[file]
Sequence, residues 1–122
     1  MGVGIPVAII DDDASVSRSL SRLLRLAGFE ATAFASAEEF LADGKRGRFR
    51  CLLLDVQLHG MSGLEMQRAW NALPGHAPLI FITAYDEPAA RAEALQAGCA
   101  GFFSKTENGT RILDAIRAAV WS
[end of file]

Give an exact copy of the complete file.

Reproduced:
Sequence, residues 1–122
     1  MGVGIPVAII DDDASVSRSL SRLLRLAGFE ATAFASAEEF LADGKRGRFR
    51  CLLLDVQLHG MSGLEMQRAW NALPGHAPLI FITAYDEPAA RAEALQAGCA
   101  GFFSKTENGT RILDAIRAAV WS